“[Greg] Dulli’s a Catholic boy blessed with a filmmaker’s sense of story, a robust, overly industrious voice that can’t quite stay on key, sexual hang-ups for days, and the seeming conviction that he may, in fact, be black.” – Joe Gross on the Afghan Whigs in The New Rolling Stone Album Guide (4th Ed), 2004.
For a substantial portion of my twenties, I lived with venerated guitarist and session musician J. Tom Hnatow. We met because I needed a room when I moved to DC, he had a room to let, and we both loved Tom Waits. He spent a lot of time on the road, but whenever he was home, we would, predictably enough, bullshit about music. To this day, whenever I listen to the Afghan Whigs, I occasionally remember the first thing Tom said when I brought them up: “It must have been no fun at all being in that band.” I trusted Tom then, and I still trust him now, given his pedigree from years of hard-scrabble touring and babysitting various collaborators with various addictions.
Though the Afghan Whigs emerged from Cincinnati at the height of the hair metal/scuzz-rock era, which their long-lost debut album reflects, there was always something different about their scuzz. Their first album on Sub Pop, Up In It was just as problematic as it came out in 1990 as if it had dropped last year (despite the term not having dissipated into popular discourse from the academic bubble yet). However, Greg Dulli’s blatant love and admiration for Miles Davis and Billie Holiday made listeners wonder how serious he was about the band’s whole “track-marks and rage” persona. Bob Gendron did a good job demystifying Dulli’s story in his 33 1/3 book about Gentlemen, the Afghan Whigs’ 1993 major-label debut which frequently centerpieces any listicle about “bands who actually got better when they sold out (imagine that)”.
First of all, I think that ideology is flawed, considering how my favorite record of 1998, the Afghan Whigs’ swan song 1965, is sandwiched in between two other records by underground artists who generated their finest work using major-label machinery*. Of course, there was no rhyme or reason to how or why certain music of the Nineties has aged better than most. It feels like a lot of the most timeless shit from the 80’s went against aural and production trends (fucking saxophones…), but the timeless shit from the 90’s were about purposefully bucking whatever was popular and giving LOTS of love to your pop forebears. 1965 isn’t even the only “apart-from-indie-and-punk” album named after the authors’ birth year to top one of my favorite-albums lists this decade**. Maybe it was the sudden floodgates of cultural-text access which the internet had opened, but both Greg Dulli and Tim Wheeler both seemed like they would have had a hell of a time being able to experience their birth years as adults. I often waver on this about my own year of birth.
Either way, the Afghan Whigs’ completing their transition to noirish R&B made 1965 a perfect title. The cover featured Ed White walking in space outside of the Gemini 4 less than one month after Dulli was born. Though it take a few glances to notice it on the cover, he was attached to the spacecraft via an umbilical cord – entirely to symbolize Dulli’s own introspection about his birth following extensive treatment for clinical depression. Granted, what the hell do I know? I’ve only met Greg Dulli once – briefly – in 2007 at a Dinosaur Jr gig in New Orleans. He told me that he and Mark Lanegan were bringing their Gutter Twins project to DC that March, welcomed me to New Orleans, then went outside to smoke. Maybe he isn’t as complicated as we imagine he is, or at least no more complicated than anybody who’s made a career out of writing songs about fucking and fucking up.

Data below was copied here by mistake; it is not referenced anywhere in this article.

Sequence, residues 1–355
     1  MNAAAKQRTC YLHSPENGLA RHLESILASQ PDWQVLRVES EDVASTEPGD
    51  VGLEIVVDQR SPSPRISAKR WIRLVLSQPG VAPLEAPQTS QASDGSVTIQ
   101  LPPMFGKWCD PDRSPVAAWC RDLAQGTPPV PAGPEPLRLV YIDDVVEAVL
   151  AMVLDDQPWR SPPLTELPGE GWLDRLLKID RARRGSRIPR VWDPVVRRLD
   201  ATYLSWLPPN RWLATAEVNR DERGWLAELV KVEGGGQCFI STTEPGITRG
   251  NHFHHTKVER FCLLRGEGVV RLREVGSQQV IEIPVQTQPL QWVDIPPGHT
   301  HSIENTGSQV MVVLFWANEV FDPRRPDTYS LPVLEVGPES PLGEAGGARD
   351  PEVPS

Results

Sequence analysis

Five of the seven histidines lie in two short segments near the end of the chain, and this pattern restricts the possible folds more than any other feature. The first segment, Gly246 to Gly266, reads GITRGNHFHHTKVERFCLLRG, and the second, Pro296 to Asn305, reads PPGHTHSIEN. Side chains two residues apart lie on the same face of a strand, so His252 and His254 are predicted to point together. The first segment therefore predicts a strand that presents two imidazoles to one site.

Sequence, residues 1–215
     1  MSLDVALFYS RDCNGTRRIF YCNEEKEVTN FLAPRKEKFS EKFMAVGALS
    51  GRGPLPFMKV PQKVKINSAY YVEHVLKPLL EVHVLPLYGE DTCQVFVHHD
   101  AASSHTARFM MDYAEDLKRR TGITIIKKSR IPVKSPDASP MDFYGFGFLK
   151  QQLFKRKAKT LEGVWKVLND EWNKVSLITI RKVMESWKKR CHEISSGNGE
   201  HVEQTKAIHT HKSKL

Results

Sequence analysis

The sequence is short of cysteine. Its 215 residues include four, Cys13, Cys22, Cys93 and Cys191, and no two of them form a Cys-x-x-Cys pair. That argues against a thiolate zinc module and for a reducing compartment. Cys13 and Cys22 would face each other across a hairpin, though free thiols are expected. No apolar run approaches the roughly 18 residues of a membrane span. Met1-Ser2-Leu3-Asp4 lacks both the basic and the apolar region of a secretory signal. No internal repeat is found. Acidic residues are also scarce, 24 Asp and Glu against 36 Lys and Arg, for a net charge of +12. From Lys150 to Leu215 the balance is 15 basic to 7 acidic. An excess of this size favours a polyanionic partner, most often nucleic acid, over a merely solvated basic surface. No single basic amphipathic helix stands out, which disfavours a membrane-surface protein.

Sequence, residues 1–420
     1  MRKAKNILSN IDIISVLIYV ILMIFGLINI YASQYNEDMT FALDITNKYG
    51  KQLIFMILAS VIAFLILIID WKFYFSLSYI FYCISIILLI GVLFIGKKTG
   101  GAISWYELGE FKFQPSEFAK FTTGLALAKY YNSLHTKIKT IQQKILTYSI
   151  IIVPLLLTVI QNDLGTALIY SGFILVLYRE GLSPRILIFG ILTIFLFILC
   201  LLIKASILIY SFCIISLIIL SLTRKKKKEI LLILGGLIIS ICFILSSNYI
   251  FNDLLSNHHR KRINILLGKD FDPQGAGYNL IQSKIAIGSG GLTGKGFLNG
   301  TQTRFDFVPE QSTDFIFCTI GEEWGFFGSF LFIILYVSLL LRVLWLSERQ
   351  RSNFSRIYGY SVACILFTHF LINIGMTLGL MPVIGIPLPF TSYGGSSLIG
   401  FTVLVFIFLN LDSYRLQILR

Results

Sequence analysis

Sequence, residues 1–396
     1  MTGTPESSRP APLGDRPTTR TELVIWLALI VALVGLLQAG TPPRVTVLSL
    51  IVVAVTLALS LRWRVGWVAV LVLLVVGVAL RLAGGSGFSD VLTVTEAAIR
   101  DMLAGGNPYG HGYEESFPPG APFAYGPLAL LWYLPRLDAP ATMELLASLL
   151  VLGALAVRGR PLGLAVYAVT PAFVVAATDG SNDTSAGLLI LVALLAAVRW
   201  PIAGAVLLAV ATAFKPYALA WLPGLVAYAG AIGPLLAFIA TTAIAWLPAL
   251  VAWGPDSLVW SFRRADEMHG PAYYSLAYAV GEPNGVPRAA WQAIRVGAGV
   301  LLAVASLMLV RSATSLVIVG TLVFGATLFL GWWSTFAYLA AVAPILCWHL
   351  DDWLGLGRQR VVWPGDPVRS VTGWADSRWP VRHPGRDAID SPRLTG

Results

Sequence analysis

To wit: 1965– perhaps the album that I’ve listened to more times than any record ever made. I’m unsure why that is, outside of the fact that I love it, the CD has always found its way into my car(s over the years), and it puts me where I need to be when I’m in a place I want to avoid. I did first hear it at that pivotal point in my adolescence, when “Something Hot” made it onto the radio while sounding nothing like anything else on the radio. I also took a major coming-of-age trip to New Orleans in 1998 and was still reeling from that six months later when the album came out. I remember buying my used copy of the CD, opening the booklet and seeing that they had recorded part of it in NOLA. The album definitely feels like the pulse of the Northernmost Caribbean City, dribbling in Creole voice samples and steel-pan drums over “Citi Soleil” and nodding to “some old boy who lives Uptown” in “Crazy.” There’s a moment in “Neglekted,” just short of the 3-minute mark, when a key change drops and releases the song into a gorgeous lounge, full of smoky background vocals and a suddenly ebullient protagonist, floating through it all.
Like many bands who became my favorites in high school, the Afghan Whigs split up around that time, too. Given the demons that seemed to permeate the band’s aesthetic, it wasn’t a big surprise. Within a year and change, Dulli had returned as the Twilight Singers, which at first felt like the unfinished business of a guy who had scrubbed his old garage-punk band of all grunge influence. Within a few years, Greg’s buddy Ted Demme died, he scrapped his solo album, and he poured his noirish melancholia into what would become my favorite album of 2003. After spending a decade channeling his middle-aged angst into the Twilight Signers project, he reunited the Afghan Whigs and, in the past decade, has released two very good new albums (with a third on the way). Imagine that.
*Ween in 1997 and The Dismemberment Plan in 1999; the latter had been dropped before the album came out, but they used that Interscope money-fountain to record it.
**Ash’s 1977 also earns that esteem from me for 1996.